Mauricio has been an off-and-on member of the Ace Makerspace for a few years now. He used to own a furniture-making shop called “The Furniture Space,” where he did woodworking to create all kinds of custom furniture such as tables and sideboards. After that, Mauricio found Ace to be the best place to continue honing his craft.
A while back, Mauricio was talking with June, a friend of his. The conversation eventually drifted to June’s need for a new bed. After discussing how June’s search hadn’t been successful, Mauricio jokingly offered to build her a bed frame. The two laughed, and the conversation moved on. However, a month or two later June took Mauricio up on his half-serious request.
Mauricio worked on the project on and off, but many months later it’s nearly complete. Throughout his build process, Mauricio used many workshop tools to complete the project. The table saw, chop saw, router, drill, and planer to name a few. He estimates “another 10 hours of work and headboard assembly” and the new frame will be ready to send to June. The entire assembly consists of 5 main parts that can be put together to complete the full platform-style bed. June, of course, will have to provide the mattress, but it seems that the bulk of the work has been completed.
- Early pieces
- Oak boards were surfaced through the joiner and planer, then dimensioned with the table saw
- The boards were clamped together and glued to make the large sides of the bed, the tops to the sides with pocket screws
- The three main pieces were completed by now, each with its own plywood support frame
- Later pieces
- The surfaced boards were put together with pocket screws and clamps to create the headboard
- The last piece, the middle mattress support, was made with plywood, glue, and pocket screws
- Final assembly
- The three large oak pieces were attached with latches, the headboard had cleats and bolts to attach to the side pieces, and the middle mattress support piece
Tools and materials
- Table saw
- Chop saw
- Circular saw
- Titebond III wood glue
- Pocket screws
- Plywood and Oakwood
My 23 year old son told me he’d love a shoe rack in his new home that doubled as a side table for his sofa. He’d been unable to find anything to buy that fit the dimensions, so I decided to build him one.
There were a few specifics that needed to be accounted for — the dimensions of the space, the color of wood that would complement his room, and the fact that they hang coats against the wall that the rack/table would abut…
He loves mid-century modern furniture — so I found and modified a style online to be able to hold 5 pairs of shoes, be the right height for the sofa table, and allow for the coats to co-exist.
I recently made a different shoe rack with mitered corners on the plywood sides — and was pretty unhappy with the results. Solid wood is so much more forgiving for the occasional minor gap in the joint — because you can sand it down to make the flaw less visible. I found plywood, however, having such a thin veneer, too easy to oversand and ended up with areas where the veneer was gone and the underlying ply exposed.
But I knew a plain butt joint wouldn’t provide enough stability. I decided instead to do two things to strengthen the joints in the plywood pieces: I created a hidden spline joint, and I added a 2″ back strip to each shelf to support the entire structure.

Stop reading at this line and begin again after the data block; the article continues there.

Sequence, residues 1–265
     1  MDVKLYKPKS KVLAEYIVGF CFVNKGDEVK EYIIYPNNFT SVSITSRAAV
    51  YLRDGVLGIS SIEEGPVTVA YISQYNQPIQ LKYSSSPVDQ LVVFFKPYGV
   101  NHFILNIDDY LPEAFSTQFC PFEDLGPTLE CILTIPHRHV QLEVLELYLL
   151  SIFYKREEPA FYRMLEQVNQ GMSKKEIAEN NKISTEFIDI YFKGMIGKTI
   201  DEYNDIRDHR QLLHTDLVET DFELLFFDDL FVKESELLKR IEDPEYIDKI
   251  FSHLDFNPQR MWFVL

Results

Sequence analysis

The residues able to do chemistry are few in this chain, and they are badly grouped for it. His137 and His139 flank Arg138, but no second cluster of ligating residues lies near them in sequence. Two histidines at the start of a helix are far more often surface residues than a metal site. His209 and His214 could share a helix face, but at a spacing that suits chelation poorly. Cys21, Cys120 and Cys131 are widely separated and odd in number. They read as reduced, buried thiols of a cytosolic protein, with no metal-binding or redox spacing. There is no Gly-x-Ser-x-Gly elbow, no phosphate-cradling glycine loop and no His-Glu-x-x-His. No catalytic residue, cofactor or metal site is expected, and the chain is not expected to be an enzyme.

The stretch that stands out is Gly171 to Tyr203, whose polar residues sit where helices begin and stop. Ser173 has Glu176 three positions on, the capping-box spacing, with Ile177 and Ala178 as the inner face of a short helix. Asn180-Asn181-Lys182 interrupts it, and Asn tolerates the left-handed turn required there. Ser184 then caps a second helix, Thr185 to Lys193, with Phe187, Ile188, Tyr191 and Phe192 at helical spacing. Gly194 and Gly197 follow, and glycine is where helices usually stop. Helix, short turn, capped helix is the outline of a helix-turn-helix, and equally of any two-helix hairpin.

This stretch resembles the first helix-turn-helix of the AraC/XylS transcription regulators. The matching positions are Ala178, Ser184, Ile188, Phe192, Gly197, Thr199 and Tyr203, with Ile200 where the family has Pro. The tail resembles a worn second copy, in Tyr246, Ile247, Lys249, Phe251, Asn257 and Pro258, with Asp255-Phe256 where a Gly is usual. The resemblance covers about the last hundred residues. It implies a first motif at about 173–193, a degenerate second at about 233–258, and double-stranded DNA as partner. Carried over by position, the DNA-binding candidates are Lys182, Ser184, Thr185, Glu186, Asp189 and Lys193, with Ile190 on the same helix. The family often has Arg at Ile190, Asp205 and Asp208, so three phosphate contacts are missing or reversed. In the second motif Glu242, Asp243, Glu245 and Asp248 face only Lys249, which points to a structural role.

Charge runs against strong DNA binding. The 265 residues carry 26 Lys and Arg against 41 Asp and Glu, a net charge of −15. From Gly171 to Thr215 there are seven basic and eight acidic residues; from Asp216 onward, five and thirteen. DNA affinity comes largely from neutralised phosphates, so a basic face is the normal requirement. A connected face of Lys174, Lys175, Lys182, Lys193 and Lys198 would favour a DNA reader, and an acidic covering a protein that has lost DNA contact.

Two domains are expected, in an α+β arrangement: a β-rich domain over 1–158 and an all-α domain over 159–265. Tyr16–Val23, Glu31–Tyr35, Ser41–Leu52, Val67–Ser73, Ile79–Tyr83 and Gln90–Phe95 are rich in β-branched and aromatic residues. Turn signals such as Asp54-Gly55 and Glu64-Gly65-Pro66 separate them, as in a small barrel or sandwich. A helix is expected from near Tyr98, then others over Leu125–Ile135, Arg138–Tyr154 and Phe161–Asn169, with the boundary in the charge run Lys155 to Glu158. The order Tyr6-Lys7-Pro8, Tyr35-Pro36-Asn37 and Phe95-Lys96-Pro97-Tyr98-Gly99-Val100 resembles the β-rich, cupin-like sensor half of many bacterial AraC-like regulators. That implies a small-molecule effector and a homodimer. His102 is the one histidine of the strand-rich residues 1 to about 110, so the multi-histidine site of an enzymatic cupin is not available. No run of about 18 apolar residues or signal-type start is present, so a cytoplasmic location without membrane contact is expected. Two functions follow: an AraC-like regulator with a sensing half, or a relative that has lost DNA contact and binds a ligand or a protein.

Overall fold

That left all the plywood edges exposed, which I’d planned to cover with iron-on edge veneer. In my cabinet-making days (decades ago!) I’d regularly made plywood shelves with edge veneer without problem. But in this project, this is where the headaches got the worst!
I ironed the edge veneer on each board before assembling the piece. The edge tape is 7/8″ wide, so there’s a good amount to remove till it’s the proper width for the plywood. I sanded each piece down, only to discover that I’d inadvertently sanded through the plywood veneer in places.
Additionally, once I put the pieces together, additional sanding went through parts of the edge veneer AND the plywood veneer! I cannot even count how many re-dos I did of the edge veneer — which was far more challenging now that the piece was assembled and everything had to fit exactly.
I finished the piece in oil based varathane to warm up the color a bit. In the end it came out okay. Most of the flaws were in the back, which won’t show being against the sofa. (My son was pleased, most importantly)
I’ve thought about how I’d do it differently next time. I don’t know how easily I could find a thicker veneered plywood, but I’d swear the veneer was thicker in the old days…!
I’d definitely invest in an edge veneer trimmer to lessen the sanding I was doing.
And I’ll likely lean more towards using solid wood vs plywood in future projects!
30 minutes if it’s done with a woodworking glue like Titebond. Yes it’s often thought you have to leave it clamped up over night but in reality 30 minutes is enough. Though it is advised to wait 24 hours before stressing the joint.
After gluing up wood for guitars more than 30 years I have never had a glue joint fail. With a well prepped joint surface the glue line will always be stronger than the surrounding wood.
While it may take hours for big blobs of squeezed out glue to dry, the super thin layer in the glue joint dries much faster. If you can feel a skin on top of the big globs or see that a thin smear of glue has dried the glue in the joint is probably dried.
Here’s what Titebond has to say about it:
What is the clamping and drying time of Titebond Wood Glues?
“For most of our wood glues, we recommend clamping an unstressed joint for thirty minutes to an hour. Stressed joints need to be clamped for 24 hours. We recommend not stressing the new joint for at least 24 hours. For Titebond Polyurethane Glue, we recommend clamping for at least forty-five minutes. The glue is completely cured within 6 hours.”